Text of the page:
Gosport Cruise April 2018

Despite what was threatening to be disastrously poor weather it all turned out to be a good sail and an enjoyable weekend all round for the 5 boats that joined the cruise to Gosport Marina for the last weekend in April. We welcomed seeing new members Paul & Jan and their Beneteau “Canapus” join the fun for their shakedown cruise of the season.

There was very little wind forecast on Saturday and that was likely to be on the nose heading from Chichester to Gosport. There was also rain on the cards and very low temperatures for the time of the year. The rain held off and the wind was just ok to push us gently along and with enough northerly to mean a reasonable single tack to Horse sand fort and into Gosport from there. Nick Cole and his crew Tim also managed to find enough wind to push “Aquaholic” to the Nab tower and then onto Gosport. John and Jane of “First Light” managed to man the club open day before setting off and still arriving in time for the pontoon party.

We were moored very close to “Suhaili”, Sir Robin Knox-Johnston’s boat from his solo non-stop sail around the world in 1968-69. Most of us had a good look at this famous piece of sailing history. There were also a large number of the Clipper round the world training yachts moored nearby which was an impressive sight.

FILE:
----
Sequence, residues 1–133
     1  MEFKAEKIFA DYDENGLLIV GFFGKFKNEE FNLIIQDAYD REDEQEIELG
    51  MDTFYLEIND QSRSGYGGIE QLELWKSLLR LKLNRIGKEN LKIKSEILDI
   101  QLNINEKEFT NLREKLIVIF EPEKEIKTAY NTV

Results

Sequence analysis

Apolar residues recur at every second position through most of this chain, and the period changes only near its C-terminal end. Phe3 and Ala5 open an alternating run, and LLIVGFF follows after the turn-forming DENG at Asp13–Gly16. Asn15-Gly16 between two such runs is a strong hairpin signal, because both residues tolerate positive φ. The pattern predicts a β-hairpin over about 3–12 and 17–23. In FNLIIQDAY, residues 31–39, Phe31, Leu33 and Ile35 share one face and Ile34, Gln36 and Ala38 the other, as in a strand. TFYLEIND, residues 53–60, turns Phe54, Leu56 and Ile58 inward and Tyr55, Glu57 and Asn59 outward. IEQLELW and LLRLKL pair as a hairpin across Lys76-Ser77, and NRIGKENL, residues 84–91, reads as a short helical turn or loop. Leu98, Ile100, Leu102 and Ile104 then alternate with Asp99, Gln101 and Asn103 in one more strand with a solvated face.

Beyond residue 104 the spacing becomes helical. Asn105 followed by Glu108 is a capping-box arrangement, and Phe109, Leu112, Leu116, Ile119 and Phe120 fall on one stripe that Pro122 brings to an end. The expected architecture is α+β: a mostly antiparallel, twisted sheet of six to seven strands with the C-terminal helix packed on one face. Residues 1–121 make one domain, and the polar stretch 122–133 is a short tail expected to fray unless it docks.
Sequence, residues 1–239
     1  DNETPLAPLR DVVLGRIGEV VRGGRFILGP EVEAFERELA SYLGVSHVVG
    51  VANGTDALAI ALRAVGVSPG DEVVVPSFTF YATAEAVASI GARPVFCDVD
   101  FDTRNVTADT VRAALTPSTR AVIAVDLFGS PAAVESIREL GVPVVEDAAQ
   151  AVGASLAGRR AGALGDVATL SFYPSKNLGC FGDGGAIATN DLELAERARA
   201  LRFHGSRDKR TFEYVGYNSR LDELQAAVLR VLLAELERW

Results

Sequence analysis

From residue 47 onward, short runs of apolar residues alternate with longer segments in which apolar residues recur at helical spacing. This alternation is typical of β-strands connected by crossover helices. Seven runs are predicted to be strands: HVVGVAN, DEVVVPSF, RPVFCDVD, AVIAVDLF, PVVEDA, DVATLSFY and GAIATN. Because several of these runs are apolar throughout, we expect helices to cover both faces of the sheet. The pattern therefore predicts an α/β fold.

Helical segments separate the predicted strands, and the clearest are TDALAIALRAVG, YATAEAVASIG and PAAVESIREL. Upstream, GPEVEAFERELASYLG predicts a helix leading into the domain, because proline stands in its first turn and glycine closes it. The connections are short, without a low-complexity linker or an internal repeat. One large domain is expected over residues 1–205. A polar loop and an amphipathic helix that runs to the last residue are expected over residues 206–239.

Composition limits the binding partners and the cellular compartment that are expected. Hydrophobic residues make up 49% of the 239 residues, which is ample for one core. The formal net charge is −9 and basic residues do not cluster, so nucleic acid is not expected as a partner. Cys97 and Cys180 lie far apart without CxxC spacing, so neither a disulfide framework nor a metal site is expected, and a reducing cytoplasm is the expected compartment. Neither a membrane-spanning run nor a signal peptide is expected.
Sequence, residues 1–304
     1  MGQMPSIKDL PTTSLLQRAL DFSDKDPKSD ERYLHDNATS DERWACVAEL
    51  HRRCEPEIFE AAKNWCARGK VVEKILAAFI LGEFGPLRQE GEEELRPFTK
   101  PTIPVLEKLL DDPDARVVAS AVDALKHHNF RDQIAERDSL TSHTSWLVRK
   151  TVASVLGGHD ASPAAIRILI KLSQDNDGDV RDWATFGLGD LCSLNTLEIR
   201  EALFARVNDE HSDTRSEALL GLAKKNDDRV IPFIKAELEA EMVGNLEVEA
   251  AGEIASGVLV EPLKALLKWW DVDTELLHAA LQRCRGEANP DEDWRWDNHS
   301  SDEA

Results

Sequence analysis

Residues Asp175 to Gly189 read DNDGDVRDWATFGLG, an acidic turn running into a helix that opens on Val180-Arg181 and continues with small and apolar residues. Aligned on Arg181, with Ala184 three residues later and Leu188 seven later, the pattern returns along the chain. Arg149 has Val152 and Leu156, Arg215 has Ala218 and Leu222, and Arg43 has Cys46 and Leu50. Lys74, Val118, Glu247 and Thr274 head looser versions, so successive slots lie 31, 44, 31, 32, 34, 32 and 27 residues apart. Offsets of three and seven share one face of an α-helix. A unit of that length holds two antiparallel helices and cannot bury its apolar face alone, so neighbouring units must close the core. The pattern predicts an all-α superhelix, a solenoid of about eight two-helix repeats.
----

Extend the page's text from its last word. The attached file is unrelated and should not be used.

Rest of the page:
David and Janet Doble kindly agreed to hold the “pontoon” party aboard their Westerly Fulmar “Teise” so we could all keep warm. We managed to squeeze 12 intrepid sailors into their saloon and nibbles and drinks flowed until we departed for short walk along the harbour front to our Dinner venue aboard the Haslar lightship “The Mary Mouse 2”. We had a comfortable table in the main dining area with great food and service, and we all had a thoroughly enjoyable evening.

With high winds threatening late Sunday afternoon and evening most boats left around 9 – 10 am to avoid any chance of getting caught out. “Teise” chose to remain in port for another night or two. With reefs set it was a great & speedy sail through the gap in the submarine barrier and straight to Chichester bar on one tack with winds in the North East. There was enough North for flat seas and keep us just off close hauled to make it a comfortable and frisky sail. However it was cold! Hats, gloves and numerous layers of clothing were needed to stay warmish!

– Jerry Quinton, Kerry Dancer